Stop Asking About Contingent Worker Turnover Rates! | DCR Workforce Blog

Stop Asking About Contingent Worker Turnover Rates!

trendsToday’s work environment is a complex place. Talent crunches go hand in hand with high levels of unemployment, driving the increased use of temporary workers to augment their permanent workforce. Companies are strategizing to build their employer brand to attract more talent. Of course, finding talent is only the beginning. Holding onto that talent may pose a greater challenge. It is not uncommon for companies seeking staffing suppliers to issue an RFP in which the potential supplier is asked, “What is your contingent workforce turnover rate?” That is the wrong question!

When a contingent worker comes on board, the short term nature of their tenure and limited opportunity for advancement would suggest a possible lack of engagement with the employer leading to a reduced commitment to completing the agreed upon assignment. The true questions to be answered is “What is being done to ensure that contingent workers satisfactorily complete each engagement? Can we expect them to be as productive as regular workers? How do we gauge their loyalty to the organization?”

Any response provided by a staffing supplier to the request for a turnover rate will be meaningless and probably misleading. Why? In considering the number of workers that leave or are separated before their temporary assignment is over, the costs associated with separation, rehiring and retraining vary by skill, location, and other factors. A company may find that a high turnover rate among readily available, low skilled, short-term resources is merely a nuisance while the loss of a single worker with hard to find skills needed for a mission-critical assignment has a severe impact.

When temp workers fail to complete assignments and must be replaced, losses go beyond the sourcing and training costs: Companies must also factor in:

  • Productivity losses. It is estimated that a temp worker operates at 60% of optimal productivity during their training period.
  • Safety risks. The Bureau of Labor Statistics (BLS) indicates a direct correlation between worker turnover and accident rates. Temporary worker rates tend to be higher than for permanent employees, and high levels of attrition further increases the number of safety incidents, OSHA penalties, and insurance costs.
  • Overtime costs. When workers abruptly leave a position, companies are often forced to cover this absence by authorizing increased overtime for the remaining workers.
  • Management distractions. High turnover rates require increased time and attention of hiring managers in evaluating and interviewing candidates and orienting new workers.

Of course, many of the tools available to motivate and engage permanent employees do not apply to temporary workers. However, steps that can be taken to reduce attrition rates include:

  • Offer competitive base pay rates. Companies that compensate temporary workers at lower rates than the norm for those skills and locations drive higher turnover for the staffing firm.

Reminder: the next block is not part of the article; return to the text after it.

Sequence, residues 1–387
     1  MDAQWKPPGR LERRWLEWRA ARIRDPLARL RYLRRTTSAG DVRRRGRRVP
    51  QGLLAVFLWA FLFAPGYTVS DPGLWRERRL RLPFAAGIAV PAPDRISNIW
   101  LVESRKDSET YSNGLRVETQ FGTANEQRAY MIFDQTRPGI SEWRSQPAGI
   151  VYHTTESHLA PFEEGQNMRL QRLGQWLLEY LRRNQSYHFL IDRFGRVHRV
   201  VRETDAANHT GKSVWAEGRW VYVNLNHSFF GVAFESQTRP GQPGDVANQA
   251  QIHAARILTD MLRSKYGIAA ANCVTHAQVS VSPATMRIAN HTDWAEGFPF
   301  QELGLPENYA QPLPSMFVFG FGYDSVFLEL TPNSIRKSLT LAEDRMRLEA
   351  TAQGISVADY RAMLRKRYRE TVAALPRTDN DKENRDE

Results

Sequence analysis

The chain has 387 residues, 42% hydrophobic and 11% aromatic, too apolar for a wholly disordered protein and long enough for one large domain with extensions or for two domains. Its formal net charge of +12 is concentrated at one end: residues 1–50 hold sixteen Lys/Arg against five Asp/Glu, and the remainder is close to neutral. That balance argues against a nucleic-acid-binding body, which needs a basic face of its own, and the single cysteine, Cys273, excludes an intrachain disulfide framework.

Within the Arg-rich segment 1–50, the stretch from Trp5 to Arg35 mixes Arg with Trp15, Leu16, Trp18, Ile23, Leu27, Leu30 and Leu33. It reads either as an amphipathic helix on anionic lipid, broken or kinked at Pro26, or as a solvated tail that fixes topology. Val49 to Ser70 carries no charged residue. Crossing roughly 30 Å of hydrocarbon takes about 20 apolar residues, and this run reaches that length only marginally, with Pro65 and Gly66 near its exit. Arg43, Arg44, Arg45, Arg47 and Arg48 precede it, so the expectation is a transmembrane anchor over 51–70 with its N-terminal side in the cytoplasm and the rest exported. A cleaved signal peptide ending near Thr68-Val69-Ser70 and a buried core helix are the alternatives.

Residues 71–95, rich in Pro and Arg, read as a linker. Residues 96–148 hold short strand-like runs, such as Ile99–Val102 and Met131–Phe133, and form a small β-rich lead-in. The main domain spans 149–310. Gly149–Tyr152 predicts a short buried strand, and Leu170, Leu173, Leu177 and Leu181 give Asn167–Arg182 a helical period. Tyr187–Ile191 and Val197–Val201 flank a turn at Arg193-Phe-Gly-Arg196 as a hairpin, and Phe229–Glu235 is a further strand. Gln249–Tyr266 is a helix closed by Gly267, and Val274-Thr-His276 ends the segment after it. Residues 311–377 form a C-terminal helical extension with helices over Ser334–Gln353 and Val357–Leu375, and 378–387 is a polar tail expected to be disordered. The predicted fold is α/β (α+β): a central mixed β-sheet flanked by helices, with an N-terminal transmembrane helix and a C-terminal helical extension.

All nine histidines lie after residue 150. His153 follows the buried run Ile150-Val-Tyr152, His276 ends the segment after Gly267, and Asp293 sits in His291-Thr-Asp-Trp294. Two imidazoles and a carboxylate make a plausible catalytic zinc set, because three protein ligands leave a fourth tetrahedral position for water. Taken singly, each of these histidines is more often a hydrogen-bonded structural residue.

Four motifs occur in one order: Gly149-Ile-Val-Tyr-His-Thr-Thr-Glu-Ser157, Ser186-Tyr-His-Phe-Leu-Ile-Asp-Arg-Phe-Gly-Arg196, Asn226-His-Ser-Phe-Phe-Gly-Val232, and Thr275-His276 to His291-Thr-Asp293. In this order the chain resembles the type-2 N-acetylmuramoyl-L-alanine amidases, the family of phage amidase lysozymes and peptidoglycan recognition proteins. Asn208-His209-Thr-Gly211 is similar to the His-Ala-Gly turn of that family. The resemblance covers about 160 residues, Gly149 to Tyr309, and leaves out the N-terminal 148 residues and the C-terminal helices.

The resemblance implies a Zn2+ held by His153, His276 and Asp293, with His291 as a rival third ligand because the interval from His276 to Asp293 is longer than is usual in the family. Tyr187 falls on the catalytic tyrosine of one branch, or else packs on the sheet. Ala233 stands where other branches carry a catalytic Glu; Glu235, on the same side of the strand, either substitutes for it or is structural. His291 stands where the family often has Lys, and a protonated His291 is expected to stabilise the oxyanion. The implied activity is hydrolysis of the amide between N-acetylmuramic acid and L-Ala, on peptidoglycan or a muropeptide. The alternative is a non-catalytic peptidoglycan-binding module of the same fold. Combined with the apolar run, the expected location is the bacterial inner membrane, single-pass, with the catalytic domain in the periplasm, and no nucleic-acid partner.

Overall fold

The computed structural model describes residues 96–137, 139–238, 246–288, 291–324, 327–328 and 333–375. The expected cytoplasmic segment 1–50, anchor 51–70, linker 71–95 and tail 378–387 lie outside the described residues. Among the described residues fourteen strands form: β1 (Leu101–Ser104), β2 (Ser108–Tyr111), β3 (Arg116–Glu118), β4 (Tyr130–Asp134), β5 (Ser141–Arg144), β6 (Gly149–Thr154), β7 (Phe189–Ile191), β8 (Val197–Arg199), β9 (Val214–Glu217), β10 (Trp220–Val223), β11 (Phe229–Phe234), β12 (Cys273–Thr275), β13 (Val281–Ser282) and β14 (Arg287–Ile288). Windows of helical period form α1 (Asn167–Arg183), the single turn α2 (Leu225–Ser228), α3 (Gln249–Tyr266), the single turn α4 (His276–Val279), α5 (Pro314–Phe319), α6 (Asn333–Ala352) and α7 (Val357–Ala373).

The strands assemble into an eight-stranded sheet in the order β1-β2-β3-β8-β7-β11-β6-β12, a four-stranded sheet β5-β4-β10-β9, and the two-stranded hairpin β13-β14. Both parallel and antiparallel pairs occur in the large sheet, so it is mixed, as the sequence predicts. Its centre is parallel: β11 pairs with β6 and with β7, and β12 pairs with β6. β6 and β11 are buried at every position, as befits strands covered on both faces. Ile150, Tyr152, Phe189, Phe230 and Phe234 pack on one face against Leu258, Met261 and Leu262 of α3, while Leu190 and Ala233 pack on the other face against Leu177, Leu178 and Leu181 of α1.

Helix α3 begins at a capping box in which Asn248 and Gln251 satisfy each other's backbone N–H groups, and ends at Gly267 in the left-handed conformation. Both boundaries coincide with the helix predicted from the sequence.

• Separate but equal rewards and recognition. To avoid claims of co-employment, companies should refrain from offering career counseling or performance assessments to temporary workers. Also, avoid including non-employees in reward and recognition programs. However, as employers of record the staffing suppliers should offer these programs and incentives to the temporary workers.
  • Offer shift incentives. Many temporary workers are attracted to the higher pay rates and alternative work hours of second or third shifts.
  • Model good and bad hire and fit. Gather data on the hard and soft skills that constitute a “good fit”.       Provide this feedback to staffing suppliers.
  • Enhance job descriptions. Vague job descriptions that do not accurately describe the work responsibilities or working conditions increase job dissatisfaction for temporary workers.
  • Comprehensive onboarding and orientation. Require all staffing suppliers to adhere to corporate standards for onboarding and new worker orientation. Provide workers with the necessary access to the information, resources and tools required to deliver results on their assignment.
  • Clear supervisory leadership. A common cause of temporary worker turnover is multiple bosses providing inconsistent direction or disagreeing on work priorities.

Employee engagement is a moving target. Recognize the workers’ contribution and encourage the worker to develop a sense of belonging and value. Partner with your suppliers to ensure that temporary workers share your vision and be on your team, even if it is for a short term. All said and done, no job is truly permanent!

The content on this blog is for informational purposes only and cannot be construed as specific legal advice or as a substitute for competent legal advice. They reflect the opinions of DCR Workforce and may not reflect the opinions of any individual attorney. Do contact an attorney for advice specific to your issue or problem.
Lalita is a people/project manager with extensive experience in operations, HCM and training and development across industries like banking, education, business consulting, BPO and information technology. She believes in a dynamic approach to life and learning as change is the only constant.